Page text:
A recent study published in JAMA Network Open by scientists at Stanford Medicine has revealed a previously unrecognized form of depression. This subtype is distinguished by cognitive impairments and does not respond as well to commonly prescribed antidepressant medications. The findings contribute to ongoing research aiming to identify treatments tailored to specific biotypes of depression, each with unique biological characteristics.
The researchers examined 1,008 adults who had not previously taken medication for major depressive disorder. They assigned the participants to one of three commonly prescribed antidepressants: escitalopram (Lexapro), sertraline (Zoloft), which affect serotonin levels, or venlafaxine-XR (Effexor), which affects both serotonin and norepinephrine.
The researchers conducted cognitive tests and brain scans on the participants before and after treatment. They discovered that 27% of the participants belonged to a specific cognitive biotype. This group exhibited symptoms such as slower thinking, difficulty sleeping, impaired cognitive function on behavioral tests, and decreased activity in certain frontal brain regions.
Furthermore, the researchers discovered that individuals with the cognitive biotype were less responsive to typical antidepressant medications in comparison to those without. This finding implies that widely prescribed antidepressants may not be the most effective treatment option for everyone dealing with depression.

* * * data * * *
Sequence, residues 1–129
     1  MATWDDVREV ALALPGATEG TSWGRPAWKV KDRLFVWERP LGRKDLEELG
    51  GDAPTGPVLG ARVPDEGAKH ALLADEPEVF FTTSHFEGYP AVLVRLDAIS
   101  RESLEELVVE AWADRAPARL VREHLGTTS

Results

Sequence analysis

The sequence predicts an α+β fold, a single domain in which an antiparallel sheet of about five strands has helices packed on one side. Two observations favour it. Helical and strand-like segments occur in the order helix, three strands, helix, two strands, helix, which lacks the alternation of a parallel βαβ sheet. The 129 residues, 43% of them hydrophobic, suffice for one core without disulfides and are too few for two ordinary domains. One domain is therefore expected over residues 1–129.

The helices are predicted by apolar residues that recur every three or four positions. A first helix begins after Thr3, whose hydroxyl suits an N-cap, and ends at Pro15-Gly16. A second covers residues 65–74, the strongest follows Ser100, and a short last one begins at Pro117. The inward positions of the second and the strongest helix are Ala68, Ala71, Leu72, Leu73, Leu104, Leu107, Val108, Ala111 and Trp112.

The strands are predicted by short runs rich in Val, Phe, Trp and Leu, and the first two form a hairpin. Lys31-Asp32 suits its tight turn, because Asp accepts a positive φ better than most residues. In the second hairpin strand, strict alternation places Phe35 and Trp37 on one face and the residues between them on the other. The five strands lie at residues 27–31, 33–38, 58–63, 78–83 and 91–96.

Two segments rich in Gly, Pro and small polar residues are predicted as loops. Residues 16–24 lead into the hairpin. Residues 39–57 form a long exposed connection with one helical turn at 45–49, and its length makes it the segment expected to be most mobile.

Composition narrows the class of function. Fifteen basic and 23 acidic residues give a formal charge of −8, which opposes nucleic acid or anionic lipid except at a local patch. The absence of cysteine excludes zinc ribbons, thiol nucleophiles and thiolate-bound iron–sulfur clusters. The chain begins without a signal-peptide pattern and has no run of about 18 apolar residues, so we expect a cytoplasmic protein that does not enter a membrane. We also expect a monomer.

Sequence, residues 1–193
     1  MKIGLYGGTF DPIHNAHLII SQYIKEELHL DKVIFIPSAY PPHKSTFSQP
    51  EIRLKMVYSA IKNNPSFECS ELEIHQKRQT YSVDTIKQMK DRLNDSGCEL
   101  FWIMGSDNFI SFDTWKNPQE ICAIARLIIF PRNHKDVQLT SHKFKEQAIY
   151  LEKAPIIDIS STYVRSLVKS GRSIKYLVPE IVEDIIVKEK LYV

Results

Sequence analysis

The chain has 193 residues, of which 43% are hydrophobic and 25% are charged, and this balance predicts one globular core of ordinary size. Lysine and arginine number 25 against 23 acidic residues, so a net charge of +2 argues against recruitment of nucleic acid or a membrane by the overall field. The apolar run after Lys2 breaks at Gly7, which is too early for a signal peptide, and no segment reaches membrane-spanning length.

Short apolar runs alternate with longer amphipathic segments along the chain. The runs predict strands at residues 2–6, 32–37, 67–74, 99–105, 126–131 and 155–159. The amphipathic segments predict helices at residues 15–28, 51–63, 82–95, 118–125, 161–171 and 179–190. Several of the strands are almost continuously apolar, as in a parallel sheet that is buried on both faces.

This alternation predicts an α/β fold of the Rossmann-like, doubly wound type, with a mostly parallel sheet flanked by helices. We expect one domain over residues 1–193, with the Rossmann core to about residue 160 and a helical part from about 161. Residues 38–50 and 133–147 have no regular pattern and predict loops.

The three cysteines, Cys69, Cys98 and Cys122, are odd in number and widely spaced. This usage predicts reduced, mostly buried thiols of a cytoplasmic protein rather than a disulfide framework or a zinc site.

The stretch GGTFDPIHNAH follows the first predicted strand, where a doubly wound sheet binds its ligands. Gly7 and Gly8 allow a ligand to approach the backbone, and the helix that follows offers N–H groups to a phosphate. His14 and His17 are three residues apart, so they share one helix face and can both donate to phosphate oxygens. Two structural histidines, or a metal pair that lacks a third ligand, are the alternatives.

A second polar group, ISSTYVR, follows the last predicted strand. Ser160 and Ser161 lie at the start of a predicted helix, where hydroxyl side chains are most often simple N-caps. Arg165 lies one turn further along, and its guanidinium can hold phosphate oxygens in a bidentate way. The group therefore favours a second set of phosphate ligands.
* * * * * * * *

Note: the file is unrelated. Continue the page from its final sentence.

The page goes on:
The researchers believe that their findings have the potential to improve the diagnosis and treatment of depression. They suggest that by measuring behavior and utilizing imaging techniques, it may be possible to identify different types of depression, known as biotypes. This could then allow for tailored treatments for each specific biotype. For instance, they are currently investigating a medication called guanfacine, which specifically targets the dorsolateral prefrontal cortex – a region of the brain involved in cognitive control.
This study represents a crucial advancement in the quest for personalized depression treatments. However, further research is necessary to confirm the cognitive biotype and identify the most effective treatment options for individuals with this specific subtype of depression.
Here are some key takeaways from the study:
- Individuals who possess the cognitive biotype tend to show reduced response to commonly recommended antidepressant medications.
- By using behavior measurement and imaging techniques, it may be possible to identify different subtypes of depression.
- Different treatments could be tailored to each biotype.
This study brings promising news for individuals suffering from depression, implying that personalized and more effective treatment options could be within reach.
Stanford Medicine. (2023, June 23). A subtype of depression identified. ScienceDaily. Retrieved October 12, 2023 from www.sciencedaily.com/releases/2023/06/230623161204.htm
Hack LM, Tozzi L, Zenteno S, et al. A Cognitive Biotype of Depression Linking Symptoms, Behavior Measures, Neural Circuits, and Differential Treatment Outcomes: A Prespecified Secondary Analysis of a Randomized Clinical Trial. JAMA Netw Open. 2023;6(6):e2318411. doi:10.1001/jamanetworkopen.2023.18411
Stanford Medicine-led research identifies a subtype of depression. (2023, June 22). News Center. https://med.stanford.edu/news/all-news/2023/06/depression-subtype.html